Though high-tech companies—as well as those in financial services, professional development, and manufacturing—are the leading users of elearning, more and ever-smaller companies are using the Internet to supplant at least some of the traditional learning environment, according to Brennan. IDC estimates that four out of five organizations using elearning for employee training started within the last four years, so the market is early in its life cycle. In addition, recent IDC research suggests that many organizations have demonstrated short-term returns by integrating elearning into their training methodologies in the form of cost savings and speed of productivity.
For example, Harvey Industries has 3,500 employees, far smaller than the typical company using elearning, according to Obrey. New employees used to spend nine months shadowing veteran workers. This was expensive, Obrey says, because it took a long time for the novice to learn in this environment. Now, with elearning, new employees don't need to work with a veteran to learn the job (though shadowing has not been completely phased out).
Even with the growth in elearning to date, traditional classroom-based training still reigns supreme as the most used by organizations, according to a survey conducted by the Center for Business Practices, the research arm of project management consultancy PM Solutions. The survey showed that organizations spend 40% of their project management training time delivering onsite, classroom-based courses.
Despite the prospects for elearning growth, no one predicts that it will ever completely replace traditional learning via shadowing, classrooms, and other forms of face-to-face teaching. But undoubtedly, elearning offers engaging content, flexibility, low cost, and convenience that can enhance the learning process within organizations of all shapes and sizes. And, with the right tool and strategy, companies can leverage elearning to the benefit of employees and the organization alike.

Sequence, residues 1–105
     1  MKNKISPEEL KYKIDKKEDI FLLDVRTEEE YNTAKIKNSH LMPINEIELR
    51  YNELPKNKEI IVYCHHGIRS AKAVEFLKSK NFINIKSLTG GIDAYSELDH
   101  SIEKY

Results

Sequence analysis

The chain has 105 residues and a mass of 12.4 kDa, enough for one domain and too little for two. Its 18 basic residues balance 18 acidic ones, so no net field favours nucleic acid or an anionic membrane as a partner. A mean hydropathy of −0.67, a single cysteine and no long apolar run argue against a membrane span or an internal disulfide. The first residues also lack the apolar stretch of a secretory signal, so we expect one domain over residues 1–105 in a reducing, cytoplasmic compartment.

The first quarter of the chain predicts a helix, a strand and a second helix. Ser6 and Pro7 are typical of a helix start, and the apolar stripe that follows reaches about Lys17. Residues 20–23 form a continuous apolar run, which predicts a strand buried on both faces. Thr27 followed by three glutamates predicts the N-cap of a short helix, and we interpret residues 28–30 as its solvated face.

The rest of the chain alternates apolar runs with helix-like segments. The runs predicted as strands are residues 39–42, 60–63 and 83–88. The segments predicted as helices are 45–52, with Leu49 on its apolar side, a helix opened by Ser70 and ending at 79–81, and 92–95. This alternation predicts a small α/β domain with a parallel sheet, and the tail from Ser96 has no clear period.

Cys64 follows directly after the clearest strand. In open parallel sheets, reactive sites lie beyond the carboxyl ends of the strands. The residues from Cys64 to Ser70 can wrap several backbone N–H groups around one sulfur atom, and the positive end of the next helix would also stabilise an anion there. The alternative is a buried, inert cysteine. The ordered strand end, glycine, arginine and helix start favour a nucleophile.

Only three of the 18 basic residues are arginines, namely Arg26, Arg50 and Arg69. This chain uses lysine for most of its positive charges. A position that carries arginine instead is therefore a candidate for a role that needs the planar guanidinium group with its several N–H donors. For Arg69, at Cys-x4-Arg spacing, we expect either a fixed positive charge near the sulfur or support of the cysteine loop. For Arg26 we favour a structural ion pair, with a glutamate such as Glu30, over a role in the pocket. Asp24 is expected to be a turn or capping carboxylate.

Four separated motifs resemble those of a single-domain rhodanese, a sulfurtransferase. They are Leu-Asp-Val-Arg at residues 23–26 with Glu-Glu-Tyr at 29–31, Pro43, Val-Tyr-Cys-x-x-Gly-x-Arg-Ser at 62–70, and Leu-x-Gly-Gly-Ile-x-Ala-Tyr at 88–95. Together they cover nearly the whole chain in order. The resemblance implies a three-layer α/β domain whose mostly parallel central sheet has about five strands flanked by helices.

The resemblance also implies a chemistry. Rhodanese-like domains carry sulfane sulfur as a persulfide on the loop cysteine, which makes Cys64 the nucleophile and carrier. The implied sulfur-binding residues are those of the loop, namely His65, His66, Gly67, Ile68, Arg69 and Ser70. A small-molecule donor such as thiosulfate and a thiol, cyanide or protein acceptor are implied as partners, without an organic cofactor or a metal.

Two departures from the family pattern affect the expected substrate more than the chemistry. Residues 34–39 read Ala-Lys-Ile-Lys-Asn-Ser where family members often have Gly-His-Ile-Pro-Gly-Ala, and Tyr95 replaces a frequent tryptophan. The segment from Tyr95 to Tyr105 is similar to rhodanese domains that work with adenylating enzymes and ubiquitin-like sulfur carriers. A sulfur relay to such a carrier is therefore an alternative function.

Sidebar: Elearning Goes to College
Not surprisingly, an increasing number of higher education institutions are also relying on the Internet to deliver content to students, either as supplements to the traditional program, part of a hybrid class that has online and offline sessions, or part of the growing distance learning curricula.
Traditional learning environments employ an enterprise-elearning and content-management style all their own, according to Jodi Prins, director of product marketing for WebCT, a developer of online learning software for higher education institutions. Learning institutions are now purchasing enterprise-wide software packages that enable them to present learning content as well as record grades and interact with students.
These software packages provide specific access levels for different users. A professor might be able to see all grades for all students in his class, while the student will have access to only his grades, and a course developer might have no access to grades while having full access to content and course materials.
Many traditional learning institutions are delivering this content via wired and wireless connections. For example, the United States Military Academy at West Point provides an 802.11a wireless connection for elearning in the classroom because it offers the security, range, and speed the academy needed to have. When more than 1,000 cadets begin English class in more than 50 different classrooms at 7:30 a.m., they all connect simultaneously to access the same activities and information via the wireless connection. West Point chose the 802.11a wireless specification specifically so that it could install a wireless access point in each classroom and, because of the shorter range of 802.11a, divide access streams with minimal overlap, roughly by classroom.
Sidebar: Companies Featured in this Article
Cisco Systems, Inc. www.cisco.com
PM Solutions www.pmsolutions.com